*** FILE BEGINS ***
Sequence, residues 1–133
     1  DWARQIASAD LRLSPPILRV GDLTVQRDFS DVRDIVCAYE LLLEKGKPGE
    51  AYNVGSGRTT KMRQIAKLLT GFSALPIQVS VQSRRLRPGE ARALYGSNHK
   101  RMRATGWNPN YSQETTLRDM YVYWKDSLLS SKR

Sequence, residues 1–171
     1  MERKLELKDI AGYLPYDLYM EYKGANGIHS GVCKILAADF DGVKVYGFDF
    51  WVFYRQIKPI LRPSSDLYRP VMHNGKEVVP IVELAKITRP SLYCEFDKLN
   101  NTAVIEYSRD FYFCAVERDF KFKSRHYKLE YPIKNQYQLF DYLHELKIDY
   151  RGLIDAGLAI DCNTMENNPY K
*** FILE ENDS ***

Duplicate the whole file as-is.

Sequence, residues 1–133
     1  DWARQIASAD LRLSPPILRV GDLTVQRDFS DVRDIVCAYE LLLEKGKPGE
    51  AYNVGSGRTT KMRQIAKLLT GFSALPIQVS VQSRRLRPGE ARALYGSNHK
   101  RMRATGWNPN YSQETTLRDM YVYWKDSLLS SKR

Sequence, residues 1–171
     1  MERKLELKDI AGYLPYDLYM EYKGANGIHS GVCKILAADF DGVKVYGFDF
    51  WVFYRQIKPI LRPSSDLYRP VMHNGKEVVP IVELAKITRP SLYCEFDKLN
   101  NTAVIEYSRD FYFCAVERDF KFKSRHYKLE YPIKNQYQLF DYLHELKIDY
   151  RGLIDAGLAI DCNTMENNPY K